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3GSM – Executives: mobile content not here yet

Feb 14, 20063 mins
Network SecuritySmartphones

Mobile phone users can expect to be able to access a growing variety of content from their phones, CEOs said Tuesday morning at the 3GSM World Congress in Barcelona. But the current mobile market they described suggests that mobile phone users probably won’t be downloading significant amounts of content any time soon.

Network speeds are being quickly boosted, the executives said. In Barcelona, Telefonica Moviles SA has deployed a High-Speed Downlink Packet Access network that is being tried by users, said CEO and Chairman Antonio Viana-Baptista. However, in Europe the fastest commercially available networks are Universal Mobile Telecommunications Systems networks, and the executives admit those are lacking.

“Today the experience is OK, it’s not great, for downloading,” said Arun Sarin, CEO for Vodafone Group PLC.

The executives also said that pricing for the current services isn’t exactly what users want. Mobile data prices are higher than many customers would like but over time costs will decline, Sarin said. As the operators evolve their networks into those based on IP , they will increasingly offer bundled pricing packages that include large amounts of data downloads, he said.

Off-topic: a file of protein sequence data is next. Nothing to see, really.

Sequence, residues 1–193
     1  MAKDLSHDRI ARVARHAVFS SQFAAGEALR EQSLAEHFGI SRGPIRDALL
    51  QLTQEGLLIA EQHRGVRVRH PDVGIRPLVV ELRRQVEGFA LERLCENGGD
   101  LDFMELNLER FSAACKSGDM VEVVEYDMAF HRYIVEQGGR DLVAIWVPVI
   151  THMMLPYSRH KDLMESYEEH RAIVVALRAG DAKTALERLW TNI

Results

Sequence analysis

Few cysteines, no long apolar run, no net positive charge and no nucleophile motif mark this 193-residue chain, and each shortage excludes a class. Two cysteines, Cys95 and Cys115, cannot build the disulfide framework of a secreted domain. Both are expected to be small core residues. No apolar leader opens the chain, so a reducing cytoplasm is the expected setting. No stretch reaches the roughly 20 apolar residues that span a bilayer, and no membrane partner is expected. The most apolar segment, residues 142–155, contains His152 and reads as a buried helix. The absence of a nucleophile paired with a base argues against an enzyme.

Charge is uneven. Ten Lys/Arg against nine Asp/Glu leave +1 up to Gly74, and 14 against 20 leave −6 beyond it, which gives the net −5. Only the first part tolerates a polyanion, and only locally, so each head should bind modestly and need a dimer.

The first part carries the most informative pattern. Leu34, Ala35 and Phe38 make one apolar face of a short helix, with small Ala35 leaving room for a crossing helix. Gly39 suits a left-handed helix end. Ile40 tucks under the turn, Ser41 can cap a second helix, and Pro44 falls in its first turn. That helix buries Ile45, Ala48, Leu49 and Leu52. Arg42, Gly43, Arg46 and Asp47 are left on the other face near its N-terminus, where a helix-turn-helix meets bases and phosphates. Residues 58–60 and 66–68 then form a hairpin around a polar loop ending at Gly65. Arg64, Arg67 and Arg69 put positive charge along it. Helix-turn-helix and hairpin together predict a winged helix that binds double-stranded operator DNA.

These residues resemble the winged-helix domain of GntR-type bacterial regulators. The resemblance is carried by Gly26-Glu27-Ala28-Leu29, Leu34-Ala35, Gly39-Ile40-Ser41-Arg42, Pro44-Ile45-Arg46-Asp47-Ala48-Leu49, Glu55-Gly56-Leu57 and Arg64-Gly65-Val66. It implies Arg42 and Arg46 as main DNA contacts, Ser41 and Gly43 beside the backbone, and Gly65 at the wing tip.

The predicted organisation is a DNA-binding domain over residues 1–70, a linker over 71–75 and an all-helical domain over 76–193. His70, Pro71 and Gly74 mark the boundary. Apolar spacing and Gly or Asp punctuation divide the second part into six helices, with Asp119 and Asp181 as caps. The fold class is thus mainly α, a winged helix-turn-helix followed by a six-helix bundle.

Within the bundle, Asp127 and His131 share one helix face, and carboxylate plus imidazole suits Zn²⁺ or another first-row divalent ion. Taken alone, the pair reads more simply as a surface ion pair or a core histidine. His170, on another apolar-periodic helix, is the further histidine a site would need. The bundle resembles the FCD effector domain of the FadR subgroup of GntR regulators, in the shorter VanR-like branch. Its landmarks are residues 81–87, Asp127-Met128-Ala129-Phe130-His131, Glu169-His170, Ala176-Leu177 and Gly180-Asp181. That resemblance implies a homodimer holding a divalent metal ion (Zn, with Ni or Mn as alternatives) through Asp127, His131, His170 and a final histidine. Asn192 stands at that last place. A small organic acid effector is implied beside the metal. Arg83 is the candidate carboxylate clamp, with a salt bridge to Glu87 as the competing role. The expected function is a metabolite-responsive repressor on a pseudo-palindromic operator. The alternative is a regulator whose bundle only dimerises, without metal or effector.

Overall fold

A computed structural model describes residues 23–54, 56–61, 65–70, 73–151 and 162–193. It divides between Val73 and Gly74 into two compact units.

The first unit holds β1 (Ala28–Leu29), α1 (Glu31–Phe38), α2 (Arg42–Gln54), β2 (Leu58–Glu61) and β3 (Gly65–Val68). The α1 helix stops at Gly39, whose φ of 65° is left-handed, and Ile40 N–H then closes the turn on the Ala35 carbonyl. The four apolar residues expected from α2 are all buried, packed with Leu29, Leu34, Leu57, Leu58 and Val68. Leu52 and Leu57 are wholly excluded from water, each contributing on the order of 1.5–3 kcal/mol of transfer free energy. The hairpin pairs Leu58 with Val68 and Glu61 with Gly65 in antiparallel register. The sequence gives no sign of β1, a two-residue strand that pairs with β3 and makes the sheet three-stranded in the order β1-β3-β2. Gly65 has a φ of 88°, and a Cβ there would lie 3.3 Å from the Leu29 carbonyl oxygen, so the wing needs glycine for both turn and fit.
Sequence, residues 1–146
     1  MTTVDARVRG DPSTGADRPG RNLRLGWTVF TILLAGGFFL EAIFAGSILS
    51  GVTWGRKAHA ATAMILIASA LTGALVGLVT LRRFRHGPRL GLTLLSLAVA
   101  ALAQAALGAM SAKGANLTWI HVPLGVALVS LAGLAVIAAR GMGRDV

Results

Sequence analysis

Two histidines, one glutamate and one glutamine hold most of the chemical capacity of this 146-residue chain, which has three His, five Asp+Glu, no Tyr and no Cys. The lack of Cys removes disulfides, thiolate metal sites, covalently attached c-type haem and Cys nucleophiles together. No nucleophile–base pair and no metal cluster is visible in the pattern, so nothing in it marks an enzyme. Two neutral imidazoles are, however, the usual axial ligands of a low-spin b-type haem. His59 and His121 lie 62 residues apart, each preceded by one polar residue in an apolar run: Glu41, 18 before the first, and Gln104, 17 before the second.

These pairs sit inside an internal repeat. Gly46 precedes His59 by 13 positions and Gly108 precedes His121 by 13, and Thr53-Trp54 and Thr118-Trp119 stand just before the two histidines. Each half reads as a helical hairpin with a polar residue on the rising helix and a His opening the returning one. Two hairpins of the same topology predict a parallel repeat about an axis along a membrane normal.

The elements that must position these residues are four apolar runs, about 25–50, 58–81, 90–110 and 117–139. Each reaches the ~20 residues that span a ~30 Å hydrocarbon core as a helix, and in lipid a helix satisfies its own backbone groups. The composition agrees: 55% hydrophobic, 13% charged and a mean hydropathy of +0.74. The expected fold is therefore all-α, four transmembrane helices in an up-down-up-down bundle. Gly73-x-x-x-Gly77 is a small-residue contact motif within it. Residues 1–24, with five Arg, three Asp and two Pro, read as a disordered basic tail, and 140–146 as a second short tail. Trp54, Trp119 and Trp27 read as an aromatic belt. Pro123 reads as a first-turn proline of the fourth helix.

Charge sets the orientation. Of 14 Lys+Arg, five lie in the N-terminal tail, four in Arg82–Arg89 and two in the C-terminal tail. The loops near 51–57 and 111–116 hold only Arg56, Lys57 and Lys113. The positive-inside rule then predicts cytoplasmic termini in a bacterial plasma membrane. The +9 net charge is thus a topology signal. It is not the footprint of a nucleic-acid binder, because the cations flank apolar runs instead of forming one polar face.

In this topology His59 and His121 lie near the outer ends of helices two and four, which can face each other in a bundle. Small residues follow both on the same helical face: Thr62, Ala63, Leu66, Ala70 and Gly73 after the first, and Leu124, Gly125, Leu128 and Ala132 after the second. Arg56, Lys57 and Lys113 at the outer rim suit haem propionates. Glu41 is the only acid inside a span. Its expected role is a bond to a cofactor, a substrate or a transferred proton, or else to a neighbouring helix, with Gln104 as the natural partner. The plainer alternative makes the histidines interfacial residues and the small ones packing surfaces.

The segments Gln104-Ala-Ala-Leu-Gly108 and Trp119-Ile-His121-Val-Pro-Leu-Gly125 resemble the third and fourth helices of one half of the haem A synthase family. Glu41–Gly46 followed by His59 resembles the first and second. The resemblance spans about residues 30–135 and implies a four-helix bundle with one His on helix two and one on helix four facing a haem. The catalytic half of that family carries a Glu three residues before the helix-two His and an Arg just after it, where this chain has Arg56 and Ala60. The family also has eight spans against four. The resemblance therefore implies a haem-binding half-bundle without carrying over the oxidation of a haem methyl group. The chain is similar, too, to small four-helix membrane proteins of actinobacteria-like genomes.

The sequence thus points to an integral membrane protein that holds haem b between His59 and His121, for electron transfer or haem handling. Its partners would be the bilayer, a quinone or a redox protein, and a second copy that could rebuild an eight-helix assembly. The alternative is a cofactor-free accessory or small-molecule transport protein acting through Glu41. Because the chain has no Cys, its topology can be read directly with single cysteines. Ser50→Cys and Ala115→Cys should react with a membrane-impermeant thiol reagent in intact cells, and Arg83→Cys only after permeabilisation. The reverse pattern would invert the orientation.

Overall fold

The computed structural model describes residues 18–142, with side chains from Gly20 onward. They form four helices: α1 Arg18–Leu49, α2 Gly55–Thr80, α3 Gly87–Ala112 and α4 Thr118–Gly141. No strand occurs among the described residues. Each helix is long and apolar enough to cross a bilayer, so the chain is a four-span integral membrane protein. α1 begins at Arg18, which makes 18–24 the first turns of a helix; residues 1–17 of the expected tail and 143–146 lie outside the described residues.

But in some parts of the world, mobile users are downloading content. Wang Jianzhou, chairman and CEO of China Mobile, surprised the audience by revealing that the total revenue from mobile music in China is larger than the total revenue of the traditional music industry. Where 1 million copies of a CD might sell in China in six months, 15 million copies of a single song were recently bought by mobile phone users over the same period, he said.

That success seems an anomaly. In other regions, operators are struggling to support providers that want to deliver content to mobile users. For example, media companies are telling operators that they’re used to delivering content to a standard television format, Sarin said. That’s a different prospect than delivering programming to mobile phones, which come in a very wide variety of sizes and capabilities, he said. Operators and content providers are working on how to make that process easier, he said.

Nokia expects the demand for mobile music to grow in the short term. In 2006, the company expects to sell 80 million music-enabled phones in 2006, said President and and COO Olli-Pekka Kallasvuo.

Sarin and other executives reiterated the point that operators aren’t interested in buying big media companies to produce content. “We are in the packaging business,” he said. “The skills needed for the content business are different than what we have.”

Wang agreed. “We will not do our own content,” he said.


Nancy Gohring is a freelance journalist who started writing about mobile phones just in time to cover the transition to digital. She's written about PCs from Hanover, cellular networks from Singapore, wireless standards from Cyprus, cloud computing from Seattle and just about any technology subject you can think of from Las Vegas. Her work has appeared in the New York Times, Computerworld, Wired, the Seattle Times and other well-respected publications.

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